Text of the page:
The case of Spiersbridge Property Developments Ltd vMuir Construction Ltd  involved a determination relating to an action alleging breach of a building contract. A bank had paid out an amount demanded by the pursuer under a performance bond and it had to be decided, if the demand on the bond exceeded the sum ultimately due, whether the pursuer was obliged to account for the excess to the bank or to the defender.
The pursuer in this case was a property development company and the defender was a construction company. The parties entered into a building contract in June 2005, in accordance with this contract, the defender was to design and construct a development consisting of warehouses and office space.
This case was centred on the pursuer claiming for alleged delays in completing the works whilst the defender counterclaimed, requesting for an extension of time in which it could complete its obligations.
According to clause 2.10.2 of Appendix 1 of the building contract, the defender, as the contractor, made an undertaking to execute and deliver to the pursuer, as the employer, no later than 14 days following a written request from the pursuer to do so:
“…A performance bond in an amount not less than 10% of the Contract Sum in terms the same as the draft performance bond set out in Part Five of this Schedule”.
The Bank of Scotland subsequently issued a performance bond. The performance bond was in the form of a letter which was addressed to the pursuers and included substantially the same terms as the draft bond referred to in clause 2.10.2.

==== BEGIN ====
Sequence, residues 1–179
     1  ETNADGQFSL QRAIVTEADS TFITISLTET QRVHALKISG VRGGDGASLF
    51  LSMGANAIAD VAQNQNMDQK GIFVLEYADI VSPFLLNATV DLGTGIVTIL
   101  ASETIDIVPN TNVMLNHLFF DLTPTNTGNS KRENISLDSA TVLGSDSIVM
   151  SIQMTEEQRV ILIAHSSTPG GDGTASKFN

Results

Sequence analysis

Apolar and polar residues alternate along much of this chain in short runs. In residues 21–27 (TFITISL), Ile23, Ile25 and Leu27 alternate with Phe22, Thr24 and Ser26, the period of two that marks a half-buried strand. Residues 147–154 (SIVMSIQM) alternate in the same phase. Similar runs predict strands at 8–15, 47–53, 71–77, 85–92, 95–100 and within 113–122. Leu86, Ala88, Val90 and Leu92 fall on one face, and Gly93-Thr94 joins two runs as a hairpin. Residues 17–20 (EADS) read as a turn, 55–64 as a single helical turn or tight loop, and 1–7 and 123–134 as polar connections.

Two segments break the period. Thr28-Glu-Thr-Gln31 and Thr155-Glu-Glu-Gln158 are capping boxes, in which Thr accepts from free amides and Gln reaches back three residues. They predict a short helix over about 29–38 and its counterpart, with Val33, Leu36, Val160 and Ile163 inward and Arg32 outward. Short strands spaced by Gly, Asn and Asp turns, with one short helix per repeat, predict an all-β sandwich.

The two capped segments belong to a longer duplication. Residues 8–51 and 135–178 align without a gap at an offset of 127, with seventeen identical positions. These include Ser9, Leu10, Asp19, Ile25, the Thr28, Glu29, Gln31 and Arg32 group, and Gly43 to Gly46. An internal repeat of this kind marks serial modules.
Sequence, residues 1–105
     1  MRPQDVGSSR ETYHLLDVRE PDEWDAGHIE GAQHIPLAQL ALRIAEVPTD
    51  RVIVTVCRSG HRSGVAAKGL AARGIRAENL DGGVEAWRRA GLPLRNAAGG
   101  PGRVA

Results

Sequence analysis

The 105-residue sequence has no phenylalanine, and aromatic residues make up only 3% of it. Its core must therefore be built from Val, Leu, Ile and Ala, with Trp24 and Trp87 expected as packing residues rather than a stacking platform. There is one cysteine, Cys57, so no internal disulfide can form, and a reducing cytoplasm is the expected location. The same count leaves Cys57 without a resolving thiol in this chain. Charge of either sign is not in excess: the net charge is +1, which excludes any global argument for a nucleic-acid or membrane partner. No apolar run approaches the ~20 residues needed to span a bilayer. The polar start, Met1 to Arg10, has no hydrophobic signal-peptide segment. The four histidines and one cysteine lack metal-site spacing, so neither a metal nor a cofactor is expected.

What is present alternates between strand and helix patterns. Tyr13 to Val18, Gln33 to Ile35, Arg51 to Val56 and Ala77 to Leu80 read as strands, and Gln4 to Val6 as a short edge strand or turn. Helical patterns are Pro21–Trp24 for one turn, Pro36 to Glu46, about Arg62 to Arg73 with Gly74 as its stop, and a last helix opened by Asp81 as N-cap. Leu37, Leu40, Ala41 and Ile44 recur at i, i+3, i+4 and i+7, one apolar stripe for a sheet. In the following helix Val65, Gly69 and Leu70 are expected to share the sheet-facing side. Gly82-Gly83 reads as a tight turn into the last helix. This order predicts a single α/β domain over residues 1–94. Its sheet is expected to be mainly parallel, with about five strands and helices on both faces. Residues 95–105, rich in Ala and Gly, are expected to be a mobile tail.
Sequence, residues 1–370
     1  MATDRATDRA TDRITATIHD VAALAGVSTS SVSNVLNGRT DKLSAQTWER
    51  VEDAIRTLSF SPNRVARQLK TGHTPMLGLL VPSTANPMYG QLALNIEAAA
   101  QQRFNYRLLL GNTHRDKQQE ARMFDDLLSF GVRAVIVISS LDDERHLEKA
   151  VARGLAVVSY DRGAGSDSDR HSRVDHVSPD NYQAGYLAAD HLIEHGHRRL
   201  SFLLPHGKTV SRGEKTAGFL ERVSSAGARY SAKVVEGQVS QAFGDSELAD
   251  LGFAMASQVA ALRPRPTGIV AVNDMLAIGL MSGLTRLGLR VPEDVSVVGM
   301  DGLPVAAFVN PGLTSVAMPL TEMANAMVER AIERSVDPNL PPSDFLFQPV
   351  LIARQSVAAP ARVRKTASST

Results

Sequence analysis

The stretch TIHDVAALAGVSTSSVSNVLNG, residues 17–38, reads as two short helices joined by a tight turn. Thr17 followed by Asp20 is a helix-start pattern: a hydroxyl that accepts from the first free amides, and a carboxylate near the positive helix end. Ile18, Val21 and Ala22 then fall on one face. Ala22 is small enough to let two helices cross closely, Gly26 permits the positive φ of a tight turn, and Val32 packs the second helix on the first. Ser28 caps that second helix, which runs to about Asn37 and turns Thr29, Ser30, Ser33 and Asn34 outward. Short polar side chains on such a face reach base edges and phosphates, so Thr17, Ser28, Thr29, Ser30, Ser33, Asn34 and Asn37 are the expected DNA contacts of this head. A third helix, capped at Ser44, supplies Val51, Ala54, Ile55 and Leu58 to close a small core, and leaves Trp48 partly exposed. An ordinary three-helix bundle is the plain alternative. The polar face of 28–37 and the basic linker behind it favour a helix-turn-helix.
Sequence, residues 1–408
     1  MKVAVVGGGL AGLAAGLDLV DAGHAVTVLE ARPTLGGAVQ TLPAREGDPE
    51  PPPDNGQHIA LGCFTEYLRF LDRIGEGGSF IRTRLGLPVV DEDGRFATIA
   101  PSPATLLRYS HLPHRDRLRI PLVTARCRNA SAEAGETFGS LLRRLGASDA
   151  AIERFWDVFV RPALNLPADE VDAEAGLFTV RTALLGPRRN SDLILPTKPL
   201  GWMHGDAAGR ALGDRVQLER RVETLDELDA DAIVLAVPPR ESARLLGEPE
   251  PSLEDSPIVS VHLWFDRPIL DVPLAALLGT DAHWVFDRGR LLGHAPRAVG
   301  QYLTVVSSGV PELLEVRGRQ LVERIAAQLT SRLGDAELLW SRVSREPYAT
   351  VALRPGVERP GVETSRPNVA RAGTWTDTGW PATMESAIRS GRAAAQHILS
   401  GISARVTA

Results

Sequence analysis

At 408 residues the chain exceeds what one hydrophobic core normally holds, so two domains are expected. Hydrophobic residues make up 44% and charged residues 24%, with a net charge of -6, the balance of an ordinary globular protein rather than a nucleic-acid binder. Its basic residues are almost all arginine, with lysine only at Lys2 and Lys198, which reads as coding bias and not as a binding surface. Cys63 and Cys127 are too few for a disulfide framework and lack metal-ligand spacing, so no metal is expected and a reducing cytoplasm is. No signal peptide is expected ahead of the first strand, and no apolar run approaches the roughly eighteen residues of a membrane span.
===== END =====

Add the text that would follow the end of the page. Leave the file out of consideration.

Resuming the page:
Then, in November 2006, the pursuer made a demand requiring the bank to pay £503,193.75 under the bond, which the bank duly paid to the pursuer. The defender stated that it was obliged, under a counter-indemnity it had granted to the bank, to pay that same amount to the bank and that it had duly done so.
Furthermore, the defender stated in its counterclaim that the grounds on which the pursuer called on the bond were erroneous. The defender argued that the grounds were erroneous due to the fact that it was not in breach of contract as alleged by the pursuer. It asserted that the pursuer was obliged to account to it for the sums received under the bond. The basis for that assertion being that the following term was to be implied into the building contract:
“…In the event that… the pursuer should make a call on the bond it would account to the defender for the proceeds of the bond, retaining only the amount equivalent to any loss suffered by the pursuer as a result of the defender’s breach of contract, if any”.
It was argued that such a term required to be implied as a matter of business efficacy. This meant that the dispute as to whether the defender was in breach of the building contract, as alleged by the pursuer, was yet to be settled.
Despite the fact that a ‘proof before answer’ had been appointed, the parties also disagreed on whether the pursuer was obliged to account to the defender for that excess, assuming it was found to be entitled to a sum less than it was paid under the bond.